Sunday, August 5, 2012
Trading business against human rights
Obviously, this is not thanks to the trade exchanges with India.
The border trade has been stagnating for years.
In the article on China Tibet Online, He Gang, a researcher with Tibet Academy of Social Sciences states that "Tibetan foreign trades surge benefits from the steady conditions of neighboring countries, such as Nepal."
In fact, it is with Nepal only. The opening a Consulate of Nepal in Lhasa is probably responsible for this 'surge'.
But is has a price.
In April, AsiaNews reported: "To help Kathmandu restore its diplomatic missions, Beijing is financing the construction of three new buildings in the Nepalese Consulate in Lhasa (Tibet). In the rest of the world Nepal's embassies are crumbling for lack of funds. The project was recently approved. The buildings will house the residence of the consul and his staff."
Already in 2009, Beijing had announced it would pay 1,80,000 Euros for the Consulate of Nepal in the Tibetan capital.
A Memorandum of Understanding was signed in November 2011 between Kathmandu and the Government of the Tibet Autonomous Region providing, in addition to restoration of the buildings, giving an even wider representation of the Nepalis State in Tibet. Let us not forget that Nepal is the only country which has a consulate in Tibet.
AsiaNews affirms that in Kathmandu, not everyone is happy with the latest Chinese offers; some Nepalese politicians even accused Beijing of wanting to control the bilateral relations in its favour and increase the clampdown on Tibetan exiles in Nepal.
It quoted Lok Raj Baral, former ambassador of Nepal to India: "The Maoist government should limit itself to applying for funding at home, it should not accept foreign funding for its diplomatic missions. How is it possible to defend national interests when working inside a building paid for with money from the host country? "
Bheki Bahadur Thapa, former Minister for Foreign Affairs, stated that Kathmandu is increasingly severe with the exiled Tibetans and a consulate in Lhasa built with Chinese money poses a serious risk to the lives of the Tibetans.
As mentioned yesterday on this blog, Beijing has rejected New Delhi’s request to allow India to open a consulate in Lhasa. India’s demand was in response to China’s desire to have a consulate in Chennai. Instead, Beijing has said that Chengdu, the capital of Sichuan province, could be an alternative.
Chengdu will certainly not help 'foreign trade' with Tibet.
Beijing would perhaps grant India's demand, would New Delhi accept to restrict the Dalai Lama and the Tibetans in exile or harass them like the Nepal Government does.
In exchange of a clampdown on the Tibetans in India, China would probably pay for a building for the Indian Consulate in Lhasa (though the old building, Dekyi Lingka still exists and still belongs to India).
But why should Delhi agree to such anti-democratic and inhuman action against the Tibetan refugees.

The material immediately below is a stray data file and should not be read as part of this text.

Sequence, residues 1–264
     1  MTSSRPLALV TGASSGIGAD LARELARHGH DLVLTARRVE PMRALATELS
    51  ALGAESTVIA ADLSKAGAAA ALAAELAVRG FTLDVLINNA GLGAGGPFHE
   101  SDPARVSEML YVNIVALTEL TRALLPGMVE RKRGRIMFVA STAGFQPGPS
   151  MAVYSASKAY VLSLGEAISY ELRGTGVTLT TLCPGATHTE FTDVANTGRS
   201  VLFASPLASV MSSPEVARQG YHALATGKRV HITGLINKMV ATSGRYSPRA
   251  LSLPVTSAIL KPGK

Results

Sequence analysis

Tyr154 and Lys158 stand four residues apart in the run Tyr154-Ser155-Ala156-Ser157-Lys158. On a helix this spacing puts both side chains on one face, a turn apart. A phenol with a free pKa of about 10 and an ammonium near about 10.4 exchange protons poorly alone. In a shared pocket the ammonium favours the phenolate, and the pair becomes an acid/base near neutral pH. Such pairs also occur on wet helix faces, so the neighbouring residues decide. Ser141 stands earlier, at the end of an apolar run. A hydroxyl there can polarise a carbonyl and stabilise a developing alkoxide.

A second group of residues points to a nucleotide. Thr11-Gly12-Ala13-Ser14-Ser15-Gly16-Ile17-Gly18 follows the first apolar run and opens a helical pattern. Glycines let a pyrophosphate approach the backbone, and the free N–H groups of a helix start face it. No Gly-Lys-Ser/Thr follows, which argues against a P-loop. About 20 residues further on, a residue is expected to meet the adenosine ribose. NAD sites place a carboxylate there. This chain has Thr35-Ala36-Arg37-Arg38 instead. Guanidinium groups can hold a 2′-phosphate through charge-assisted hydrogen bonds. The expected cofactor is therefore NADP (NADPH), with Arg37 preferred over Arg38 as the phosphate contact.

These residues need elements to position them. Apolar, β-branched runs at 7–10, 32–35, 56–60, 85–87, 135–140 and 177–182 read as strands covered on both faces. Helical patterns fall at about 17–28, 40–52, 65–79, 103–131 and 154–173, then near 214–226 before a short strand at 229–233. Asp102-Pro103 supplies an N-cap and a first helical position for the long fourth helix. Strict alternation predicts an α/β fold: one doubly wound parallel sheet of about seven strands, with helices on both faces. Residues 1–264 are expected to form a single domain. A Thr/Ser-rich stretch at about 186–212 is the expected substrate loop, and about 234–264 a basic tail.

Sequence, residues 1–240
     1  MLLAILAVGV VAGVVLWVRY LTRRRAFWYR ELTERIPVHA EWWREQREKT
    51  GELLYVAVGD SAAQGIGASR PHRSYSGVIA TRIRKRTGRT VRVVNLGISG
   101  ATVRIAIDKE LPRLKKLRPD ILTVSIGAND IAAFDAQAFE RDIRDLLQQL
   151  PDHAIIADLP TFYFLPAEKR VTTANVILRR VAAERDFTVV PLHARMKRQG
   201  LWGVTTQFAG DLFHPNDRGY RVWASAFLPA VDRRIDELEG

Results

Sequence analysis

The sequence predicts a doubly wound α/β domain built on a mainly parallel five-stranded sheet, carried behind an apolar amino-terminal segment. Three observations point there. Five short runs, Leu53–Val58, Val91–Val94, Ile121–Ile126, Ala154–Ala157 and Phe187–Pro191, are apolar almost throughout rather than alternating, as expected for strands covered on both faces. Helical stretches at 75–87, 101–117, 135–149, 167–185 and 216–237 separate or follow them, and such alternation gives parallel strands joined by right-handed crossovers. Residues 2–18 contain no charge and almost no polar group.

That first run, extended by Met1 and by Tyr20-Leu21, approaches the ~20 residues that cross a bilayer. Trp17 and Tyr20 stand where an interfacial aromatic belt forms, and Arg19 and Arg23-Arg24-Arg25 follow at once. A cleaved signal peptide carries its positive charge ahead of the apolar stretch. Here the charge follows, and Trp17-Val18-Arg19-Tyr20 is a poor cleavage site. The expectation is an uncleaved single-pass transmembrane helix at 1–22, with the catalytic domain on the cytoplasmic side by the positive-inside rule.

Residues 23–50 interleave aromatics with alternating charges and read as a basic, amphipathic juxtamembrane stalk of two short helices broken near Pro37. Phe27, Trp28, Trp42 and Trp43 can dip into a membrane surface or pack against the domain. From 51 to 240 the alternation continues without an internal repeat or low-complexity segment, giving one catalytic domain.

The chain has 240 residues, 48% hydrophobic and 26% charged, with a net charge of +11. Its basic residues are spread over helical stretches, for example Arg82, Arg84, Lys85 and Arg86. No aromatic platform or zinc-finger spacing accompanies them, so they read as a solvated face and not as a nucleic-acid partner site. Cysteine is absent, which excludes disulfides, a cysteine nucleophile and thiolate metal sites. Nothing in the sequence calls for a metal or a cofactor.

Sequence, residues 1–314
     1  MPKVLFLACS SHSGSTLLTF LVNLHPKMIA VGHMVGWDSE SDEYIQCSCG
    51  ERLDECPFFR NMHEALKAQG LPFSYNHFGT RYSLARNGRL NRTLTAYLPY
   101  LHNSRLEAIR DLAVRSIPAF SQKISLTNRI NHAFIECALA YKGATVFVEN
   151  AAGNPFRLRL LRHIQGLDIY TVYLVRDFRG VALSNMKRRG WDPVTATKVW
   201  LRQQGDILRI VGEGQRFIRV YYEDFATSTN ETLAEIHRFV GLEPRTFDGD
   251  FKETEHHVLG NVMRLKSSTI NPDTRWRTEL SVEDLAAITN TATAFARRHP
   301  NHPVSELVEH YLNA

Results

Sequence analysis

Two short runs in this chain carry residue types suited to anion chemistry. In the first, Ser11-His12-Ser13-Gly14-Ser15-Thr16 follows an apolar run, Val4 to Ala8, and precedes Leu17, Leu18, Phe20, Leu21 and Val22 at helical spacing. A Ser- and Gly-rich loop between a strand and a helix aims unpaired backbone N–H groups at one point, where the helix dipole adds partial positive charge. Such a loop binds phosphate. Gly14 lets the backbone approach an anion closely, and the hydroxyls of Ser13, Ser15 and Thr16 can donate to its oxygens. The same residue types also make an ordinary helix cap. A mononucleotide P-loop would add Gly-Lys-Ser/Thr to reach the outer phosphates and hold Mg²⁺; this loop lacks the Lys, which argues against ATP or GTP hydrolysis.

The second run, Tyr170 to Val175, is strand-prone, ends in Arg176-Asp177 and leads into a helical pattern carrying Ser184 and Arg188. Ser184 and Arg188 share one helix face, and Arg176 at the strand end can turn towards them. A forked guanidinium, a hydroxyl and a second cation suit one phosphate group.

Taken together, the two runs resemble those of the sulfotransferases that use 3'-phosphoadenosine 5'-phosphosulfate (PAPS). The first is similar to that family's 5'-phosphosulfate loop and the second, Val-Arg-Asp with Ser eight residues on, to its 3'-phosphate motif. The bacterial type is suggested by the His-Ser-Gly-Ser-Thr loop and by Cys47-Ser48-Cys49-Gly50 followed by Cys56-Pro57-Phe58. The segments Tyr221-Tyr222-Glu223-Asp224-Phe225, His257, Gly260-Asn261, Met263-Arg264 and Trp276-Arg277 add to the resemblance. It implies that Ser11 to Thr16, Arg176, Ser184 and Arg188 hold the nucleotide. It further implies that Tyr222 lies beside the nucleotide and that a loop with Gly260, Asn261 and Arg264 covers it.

By the way, India is more and more frustrated with the bilateral trade talks with China, initiated by Chinese Premier Wen Jiabao in December 2010, when he visited New Delhi.
During the last fiscal year ended March 31, the trade deficit of India with China jumped 42 percent to about $40 billion.
Even India’s Commerce Minister Anand Sharma said that he is 'very concerned' about the imbalance with China
Asia Pacific Finance News said: "The trade woes of India has become economic threat and the current account deficit with the world is 4.5 percent of GDP in the quarter ended March 31, which is an all-time high. This has also resulted in sharp depreciation of rupee."
A complicate issue, but its is not worth for India, trading business against human rights.
China Tibet Online
The foreign trade of Tibet continues rising in the first half of this year with total export-import volume reaching more than 1 billion US dollars, increasing by 1.7 times from the same period last year and contributing significantly to Tibetan economic growth, according to Xinhua News Agency.
According to the statistics, local GDP of Tibet reached 28.72 billion yuan, increasing by 11.3 percent from that of the previous year; the growth rate is 3.5 percent points higher than the national average, and keeps stable growth.
"It is the surge of foreign trades that drives Tibetan local GDP growth in the first six months of 2012,” said He Gang, a researcher with Tibet Academy of Social Sciences.
According to He, Tibetan foreign trades surge benefits from the steady conditions of neighboring countries, such as Nepal.
During the first six months, Tibetan foreign trades with Nepal amounts to 530 million US dollars, increasing by 79.5 percent, according to Lhasa Custom.
The improvement of Tibetan transportation network, especially the Qinghai-Tibet Railway, and development of Tibetan characteristic and competitive industries also contribute a lot.
Meanwhile, investments also boost Tibet’s developments, thanks to a series of major projects carried out at the beginning of this year, said Dorje Dradul, deputy director general of Tibet Bureau of Statistics.